The Reason Why I Homeschooled My Children May Surprise You

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The Reason why I homeschooled my children may surprise you. Or, maybe not.

I have no recollection of the actual day I decided to homeschool. I don’t remember ever not wanting to homeschool.

I decided long before I had kids that’s what I’d do.

If you read my post, The Day the Doorbell Rang, you know I was introduced to the concept of homeschooling 37-years ago around the time it was just becoming fashionable in the States.

I do know that initially my decision to homeschool had nothing to do with the quality of America’s education system.

I hadn’t yet learned how poor it was or about the breadth of the real education that, as a public schooled child, I’d missed out on.

It wasn’t for religious or character issues, either, that I wanted to homeschool.

I didn’t know back then how public school undermined a child’s integrity and how he’d have to work very hard to get it back (think about the 97% of children who now tell lies to get through public school and remember that honesty is a virtue).

Bullying and school crimes weren’t much of an issue back then, at least not like they are now, so I didn’t factor that in like many parents today.

I decided to homeschool for one simple reason:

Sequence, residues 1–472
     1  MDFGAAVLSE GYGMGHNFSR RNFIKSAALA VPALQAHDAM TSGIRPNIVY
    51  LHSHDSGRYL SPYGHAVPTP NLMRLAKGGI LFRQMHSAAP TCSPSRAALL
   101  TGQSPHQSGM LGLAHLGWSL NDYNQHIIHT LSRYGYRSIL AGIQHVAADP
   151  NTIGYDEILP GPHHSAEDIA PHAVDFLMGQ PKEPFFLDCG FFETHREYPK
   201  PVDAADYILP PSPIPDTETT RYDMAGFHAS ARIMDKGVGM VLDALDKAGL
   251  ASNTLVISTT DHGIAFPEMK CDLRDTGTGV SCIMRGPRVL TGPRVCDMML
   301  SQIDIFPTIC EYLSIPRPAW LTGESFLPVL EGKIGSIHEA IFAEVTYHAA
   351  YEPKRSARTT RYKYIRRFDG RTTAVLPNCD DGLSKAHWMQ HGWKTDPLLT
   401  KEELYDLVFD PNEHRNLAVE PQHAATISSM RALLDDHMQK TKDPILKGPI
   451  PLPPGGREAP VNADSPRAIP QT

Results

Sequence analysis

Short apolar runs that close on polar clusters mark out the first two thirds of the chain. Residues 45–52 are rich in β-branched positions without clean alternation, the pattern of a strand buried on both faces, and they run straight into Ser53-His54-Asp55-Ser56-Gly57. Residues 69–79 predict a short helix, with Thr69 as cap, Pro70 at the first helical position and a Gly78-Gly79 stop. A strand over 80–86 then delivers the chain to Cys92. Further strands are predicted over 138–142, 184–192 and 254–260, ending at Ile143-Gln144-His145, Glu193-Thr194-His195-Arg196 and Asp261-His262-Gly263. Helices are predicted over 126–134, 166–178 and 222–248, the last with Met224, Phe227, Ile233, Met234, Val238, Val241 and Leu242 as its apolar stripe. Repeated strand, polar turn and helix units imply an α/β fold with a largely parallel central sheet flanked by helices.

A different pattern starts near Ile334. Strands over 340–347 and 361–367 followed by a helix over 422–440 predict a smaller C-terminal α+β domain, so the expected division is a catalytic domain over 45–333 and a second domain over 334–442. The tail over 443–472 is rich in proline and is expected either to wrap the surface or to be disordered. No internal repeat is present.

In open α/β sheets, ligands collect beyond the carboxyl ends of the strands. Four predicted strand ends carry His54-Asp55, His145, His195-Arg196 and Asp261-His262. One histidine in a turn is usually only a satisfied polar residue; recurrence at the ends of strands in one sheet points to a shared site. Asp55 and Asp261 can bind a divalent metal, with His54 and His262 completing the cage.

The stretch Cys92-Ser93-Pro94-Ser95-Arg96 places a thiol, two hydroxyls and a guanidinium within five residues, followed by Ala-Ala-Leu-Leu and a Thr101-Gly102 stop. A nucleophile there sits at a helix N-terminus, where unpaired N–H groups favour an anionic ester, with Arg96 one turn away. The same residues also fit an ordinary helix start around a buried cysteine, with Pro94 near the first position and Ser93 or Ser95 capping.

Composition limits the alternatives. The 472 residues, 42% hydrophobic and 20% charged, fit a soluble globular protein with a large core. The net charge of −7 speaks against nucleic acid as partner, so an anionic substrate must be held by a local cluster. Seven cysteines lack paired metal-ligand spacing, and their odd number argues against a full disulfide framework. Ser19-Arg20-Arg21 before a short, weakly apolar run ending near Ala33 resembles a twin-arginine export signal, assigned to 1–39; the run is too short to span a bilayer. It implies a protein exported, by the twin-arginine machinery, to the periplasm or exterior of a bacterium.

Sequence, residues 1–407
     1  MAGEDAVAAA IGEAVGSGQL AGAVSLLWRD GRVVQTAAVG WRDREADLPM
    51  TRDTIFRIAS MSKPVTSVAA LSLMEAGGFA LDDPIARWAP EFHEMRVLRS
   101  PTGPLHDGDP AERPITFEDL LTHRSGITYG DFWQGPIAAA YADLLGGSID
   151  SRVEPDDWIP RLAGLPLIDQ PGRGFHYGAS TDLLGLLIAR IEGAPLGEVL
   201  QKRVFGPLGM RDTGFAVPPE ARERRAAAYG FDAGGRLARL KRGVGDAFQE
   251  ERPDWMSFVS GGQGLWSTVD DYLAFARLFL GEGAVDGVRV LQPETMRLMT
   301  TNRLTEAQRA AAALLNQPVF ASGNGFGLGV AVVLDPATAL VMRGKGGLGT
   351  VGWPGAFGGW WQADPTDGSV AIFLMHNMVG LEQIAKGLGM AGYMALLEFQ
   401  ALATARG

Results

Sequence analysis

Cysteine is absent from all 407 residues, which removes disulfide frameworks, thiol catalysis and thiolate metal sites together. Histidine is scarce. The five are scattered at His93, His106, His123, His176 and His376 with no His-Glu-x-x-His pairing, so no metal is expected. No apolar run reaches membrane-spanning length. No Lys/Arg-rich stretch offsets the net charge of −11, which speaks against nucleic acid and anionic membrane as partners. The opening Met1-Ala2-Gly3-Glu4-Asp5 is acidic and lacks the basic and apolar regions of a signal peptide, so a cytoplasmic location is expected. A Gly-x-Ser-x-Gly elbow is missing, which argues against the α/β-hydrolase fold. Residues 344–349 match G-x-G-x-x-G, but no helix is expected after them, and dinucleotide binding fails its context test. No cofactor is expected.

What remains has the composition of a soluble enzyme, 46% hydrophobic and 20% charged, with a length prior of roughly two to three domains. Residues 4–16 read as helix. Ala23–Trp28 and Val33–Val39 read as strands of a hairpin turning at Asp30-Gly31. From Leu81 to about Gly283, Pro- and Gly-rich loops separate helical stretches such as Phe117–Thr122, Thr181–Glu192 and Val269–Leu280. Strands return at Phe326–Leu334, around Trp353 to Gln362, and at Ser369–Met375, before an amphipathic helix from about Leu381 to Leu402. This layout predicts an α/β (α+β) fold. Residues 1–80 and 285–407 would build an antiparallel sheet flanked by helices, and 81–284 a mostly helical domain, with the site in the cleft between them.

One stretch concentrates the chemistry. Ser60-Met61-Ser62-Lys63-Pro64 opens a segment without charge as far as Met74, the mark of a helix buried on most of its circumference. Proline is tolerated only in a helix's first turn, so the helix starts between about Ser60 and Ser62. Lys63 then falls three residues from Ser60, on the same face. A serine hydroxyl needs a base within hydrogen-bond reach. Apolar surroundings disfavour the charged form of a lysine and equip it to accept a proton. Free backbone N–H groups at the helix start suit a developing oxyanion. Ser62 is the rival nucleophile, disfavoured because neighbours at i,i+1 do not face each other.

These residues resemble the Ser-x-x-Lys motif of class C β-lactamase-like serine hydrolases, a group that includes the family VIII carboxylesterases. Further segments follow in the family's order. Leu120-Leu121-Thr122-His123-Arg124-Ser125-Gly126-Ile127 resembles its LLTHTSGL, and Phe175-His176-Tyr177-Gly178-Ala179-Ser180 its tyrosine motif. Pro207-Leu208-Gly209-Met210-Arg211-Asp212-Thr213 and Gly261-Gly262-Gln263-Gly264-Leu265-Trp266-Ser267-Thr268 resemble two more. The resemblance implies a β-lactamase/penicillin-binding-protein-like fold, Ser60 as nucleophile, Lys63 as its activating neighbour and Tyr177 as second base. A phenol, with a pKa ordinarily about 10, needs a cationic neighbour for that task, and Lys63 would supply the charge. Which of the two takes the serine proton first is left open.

It was my idea of fun.

Not exactly profound, I know. Remember, I was young at the time.

But how marvelous thought I, to sit around with a bunch of books all day and teach my kids the things I knew, and how leisurely to be able to go back to school myself.

Because when you homeschool, you learn with your children.

It’s one of the perks.

In part, I credit my father for my attitude because he was a classic scholar and seeker of Truth, and, in part, I credit my philosophy teacher in college, Barrett Culmbach, who taught me that what mattered in life weren’t the things I had been led by society to believe mattered.

It wasn’t about the big house, the boat, fancy car—the stuff — it was something much more profound and more precious than that.

It was knowledge. Self-knowledge. It was in understanding that this life is fleeting, I will reach my grave one day and will I be prepared? Will I have lived a meaningful life?

And, so, a life in pursuit of knowledge became more interesting to me.

And what an honor, I thought, to be the one to teach my children to read; to open the door to the world of knowledge for them like my father and Mr. Culmbach had done for me.

You can see now how the idea of homeschooling constitutes a "good" time to some of us. Maybe it does to you too?

It wasn’t until years later, about the time I started having children, that I began to learn about the dark side of modern education.

A lot of things began to make sense about my own public school experience; an experience that was near tragic, at best.

School is a twelve-year jail sentence where bad habits are the only curriculum truly learned. I teach school and win awards doing it. I should know.
—John Taylor Gatto, Author of Dumbing Us Down

I was fortunate that I liked the idea of homeschooling because, after I discovered the hidden history of modern education, I shut the door to public school.

It was no longer an option for my kids, and I’ve never looked back.


If you would like to become a more competent homeschooler, please join the waiting list for my upcoming course: How to Homeschool the Smart Way.

If you enjoyed this, you might like my free download Ten Books Every Well-Educated Child Should Read.

If you need help with homeschooling, you can schedule a one-hour consultation with me (that's usually all you'll need)